Comparing cost effects of two quality strategies to improve test ordering in primary care: a randomized trial.
until further notice
SourceInternational Journal for Quality in Health Care, 16, 5, (2004), pp. 391-8
Article / Letter to editor
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Centre for Quality of Care Research
International Journal for Quality in Health Care
SubjectEBP 4: Quality of Care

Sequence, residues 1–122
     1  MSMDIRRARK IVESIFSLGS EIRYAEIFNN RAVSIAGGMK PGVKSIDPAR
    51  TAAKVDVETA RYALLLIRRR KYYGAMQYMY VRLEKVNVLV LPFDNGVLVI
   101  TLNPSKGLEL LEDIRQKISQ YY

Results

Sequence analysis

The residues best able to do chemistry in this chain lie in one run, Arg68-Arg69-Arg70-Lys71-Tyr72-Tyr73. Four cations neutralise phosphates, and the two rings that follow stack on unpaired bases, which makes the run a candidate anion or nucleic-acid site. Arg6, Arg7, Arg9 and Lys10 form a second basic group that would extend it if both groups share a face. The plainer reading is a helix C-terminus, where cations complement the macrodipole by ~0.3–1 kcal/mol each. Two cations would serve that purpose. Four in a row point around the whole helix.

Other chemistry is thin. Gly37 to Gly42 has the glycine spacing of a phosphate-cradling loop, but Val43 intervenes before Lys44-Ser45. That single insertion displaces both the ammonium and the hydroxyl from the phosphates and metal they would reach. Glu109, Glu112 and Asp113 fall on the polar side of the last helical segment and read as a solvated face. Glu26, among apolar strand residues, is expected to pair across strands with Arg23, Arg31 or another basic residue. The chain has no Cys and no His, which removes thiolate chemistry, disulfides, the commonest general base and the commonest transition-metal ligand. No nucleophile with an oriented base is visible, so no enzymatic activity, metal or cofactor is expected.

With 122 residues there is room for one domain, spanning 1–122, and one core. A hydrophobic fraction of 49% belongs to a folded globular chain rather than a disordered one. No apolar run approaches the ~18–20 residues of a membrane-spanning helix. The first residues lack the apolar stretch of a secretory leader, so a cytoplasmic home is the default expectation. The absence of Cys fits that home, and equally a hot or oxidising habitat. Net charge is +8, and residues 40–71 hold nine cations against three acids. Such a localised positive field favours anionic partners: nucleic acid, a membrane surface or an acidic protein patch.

OBJECTIVE: To determine the costs and cost reductions of an innovative strategy aimed at improving test ordering routines of primary care physicians, compared with a traditional strategy. DESIGN: Multicenter randomized controlled trial with randomization at the local primary care physicians group level. SETTING: Primary care: local primary care physicians groups in five regions of the Netherlands with diagnostic centers. STUDY PARTICIPANTS: Twenty-seven existing local primary care physicians groups, including 194 primary care physicians. INTERVENTION: The test ordering strategy was developed systematically, and combined feedback, education on guidelines, and quality improvement sessions in small groups. In regular quality meetings in local groups, primary care physicians discussed each others' test ordering behavior, related it to guidelines, and made individual and/or group plans for change. Thirteen groups engaged in the entire strategy (complete intervention arm), while 14 groups received feedback only (feedback arm). MAIN OUTCOME MEASURE: Running costs, development costs, and research costs were calculated for the intervention period per primary care physician per 6 months. The mean costs of tests ordered per primary care physician per 6 months were assessed at baseline and follow-up. RESULTS: The new strategy was found to cost 702.00, while the feedback strategy cost 58.00. When including running costs only, the intervention was found to cost 554.70, compared with 17.10 per primary care physician per 6 months in the feedback arm. When excluding opportunity costs for the physicians' time spent, the intervention was found to cost 92.70 per physician per 6 months in the complete intervention arm. The mean costs reduction that physicians in that arm achieved by reducing unnecessary tests was 144 larger per physician per 6 months than the physicians in the feedback arm (P = 0.048). CONCLUSION: On the basis of our findings, including the expected non-monetary benefits, we recommend further long-term effect and cost-effect studies on the implementation of the quality strategy.
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